Alzheimer’s Researchers Identify Biomarkers of Response to Anavex 2-73 Treatment

Alzheimer’s Researchers Identify Biomarkers of Response to Anavex 2-73 Treatment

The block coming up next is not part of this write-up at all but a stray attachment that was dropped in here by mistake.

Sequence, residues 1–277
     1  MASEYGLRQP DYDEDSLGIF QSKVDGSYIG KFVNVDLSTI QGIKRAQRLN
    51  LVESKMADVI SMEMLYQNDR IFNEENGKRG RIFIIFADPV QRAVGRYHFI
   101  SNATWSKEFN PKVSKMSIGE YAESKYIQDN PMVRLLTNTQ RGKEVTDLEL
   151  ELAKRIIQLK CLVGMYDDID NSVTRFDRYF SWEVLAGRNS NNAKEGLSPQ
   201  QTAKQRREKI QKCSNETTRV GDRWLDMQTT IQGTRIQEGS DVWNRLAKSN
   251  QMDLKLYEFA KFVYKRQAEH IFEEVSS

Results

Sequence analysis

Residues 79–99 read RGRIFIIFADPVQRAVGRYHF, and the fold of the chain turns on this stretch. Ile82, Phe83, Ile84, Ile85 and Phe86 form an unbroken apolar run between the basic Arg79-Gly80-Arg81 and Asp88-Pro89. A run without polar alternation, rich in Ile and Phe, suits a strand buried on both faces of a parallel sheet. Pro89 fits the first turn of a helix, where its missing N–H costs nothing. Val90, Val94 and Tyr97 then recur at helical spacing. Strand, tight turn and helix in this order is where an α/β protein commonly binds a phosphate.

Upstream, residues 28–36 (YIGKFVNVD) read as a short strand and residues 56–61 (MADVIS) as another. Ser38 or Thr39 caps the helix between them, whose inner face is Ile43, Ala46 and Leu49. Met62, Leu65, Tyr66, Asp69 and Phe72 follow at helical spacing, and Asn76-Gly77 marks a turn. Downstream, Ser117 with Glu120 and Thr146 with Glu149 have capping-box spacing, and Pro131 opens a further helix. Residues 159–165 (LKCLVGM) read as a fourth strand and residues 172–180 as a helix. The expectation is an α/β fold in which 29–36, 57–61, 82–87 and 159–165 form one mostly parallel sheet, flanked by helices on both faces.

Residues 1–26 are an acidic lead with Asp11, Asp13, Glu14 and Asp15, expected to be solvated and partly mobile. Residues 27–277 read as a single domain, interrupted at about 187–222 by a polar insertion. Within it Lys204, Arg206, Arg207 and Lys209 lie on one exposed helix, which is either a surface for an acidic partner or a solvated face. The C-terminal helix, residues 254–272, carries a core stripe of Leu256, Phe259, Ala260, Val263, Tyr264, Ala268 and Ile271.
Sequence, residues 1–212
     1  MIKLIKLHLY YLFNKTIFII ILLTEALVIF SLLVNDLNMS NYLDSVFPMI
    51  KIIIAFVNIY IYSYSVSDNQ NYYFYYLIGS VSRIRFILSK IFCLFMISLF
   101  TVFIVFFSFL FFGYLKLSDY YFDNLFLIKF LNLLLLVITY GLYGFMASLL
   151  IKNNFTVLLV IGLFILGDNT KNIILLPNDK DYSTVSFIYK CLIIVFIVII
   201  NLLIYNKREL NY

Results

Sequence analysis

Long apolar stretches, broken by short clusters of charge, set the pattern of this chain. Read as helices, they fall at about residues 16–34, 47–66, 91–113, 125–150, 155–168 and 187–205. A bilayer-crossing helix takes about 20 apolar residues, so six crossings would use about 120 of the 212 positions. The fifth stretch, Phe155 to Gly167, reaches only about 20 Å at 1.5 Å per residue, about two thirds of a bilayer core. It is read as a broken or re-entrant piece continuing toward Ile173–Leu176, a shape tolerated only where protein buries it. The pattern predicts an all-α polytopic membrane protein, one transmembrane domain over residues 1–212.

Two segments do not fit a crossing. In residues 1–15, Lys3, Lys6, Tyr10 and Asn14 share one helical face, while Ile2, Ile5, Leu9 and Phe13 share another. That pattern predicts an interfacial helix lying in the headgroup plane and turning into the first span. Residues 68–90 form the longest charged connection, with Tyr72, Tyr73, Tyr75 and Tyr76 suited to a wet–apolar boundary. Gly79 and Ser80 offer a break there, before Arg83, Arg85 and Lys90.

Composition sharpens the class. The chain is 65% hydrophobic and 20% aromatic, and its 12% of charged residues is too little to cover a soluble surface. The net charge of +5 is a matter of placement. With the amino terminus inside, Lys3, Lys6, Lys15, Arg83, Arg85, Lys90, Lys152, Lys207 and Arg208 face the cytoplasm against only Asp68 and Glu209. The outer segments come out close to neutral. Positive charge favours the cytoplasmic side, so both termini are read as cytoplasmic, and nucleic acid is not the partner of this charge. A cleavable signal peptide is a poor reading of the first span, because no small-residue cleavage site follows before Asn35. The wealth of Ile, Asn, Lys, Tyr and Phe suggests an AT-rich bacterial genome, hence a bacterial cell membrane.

Researchers have identified two biomarkers that could help determine which Alzheimer’s disease patients can benefit from Anavex 2-73 treatment. The results were reported at the 2018 Alzheimer’s Association International Conference (AAIC) in Chicago. The study, “Systematic Processing of Full Genomic Analysis of ANAVEX®2-73 Phase 2a Alzheimer’s Disease Study Identifies Biomarkers Enabling a Precision Medicine Approach,” was presented by Harald Hampel, the study’s first author and AXA Research Fund and Sorbonne University Excellence Chair at Sorbonne University in Paris. Anavex 2-73, developed by Anavex Life Sciences, is an investigational therapy with the potential to modify the course of Alzheimer’s disease instead of acting on symptoms alone. It binds to and activates the Sigma-1 receptor (SIGMAR1), known to have neuroprotective effects, resulting in reduced neuroinflammation, accumulation of beta amyloid and tau proteins, and oxidative stress. All are involved in Alzheimer’s disease and other neurodegenerative disorders. Results from a randomized, open-label, Phase 2a study (NCT02244541) showed that one-year of treatment with Anavex 2-73 was safe and prevented further cognitive decline in 32 people with mild to moderate Alzheimer’s. From those participants, 21 agreed to move to a two-year open-label Phase 2 extension study (NCT02756858) where they would continue to receive Anavex 2-73. The study aimed to evaluate the therapy’s long-term safety and therapeutic benefits. Researchers conducted a detailed analysis on the entire DNA and RNA — the molecule produced from DNA that contains the instructions to produce a protein — of these patients to find biomarkers of response to Anavex 2-73. After analyzing 33,311 genes a
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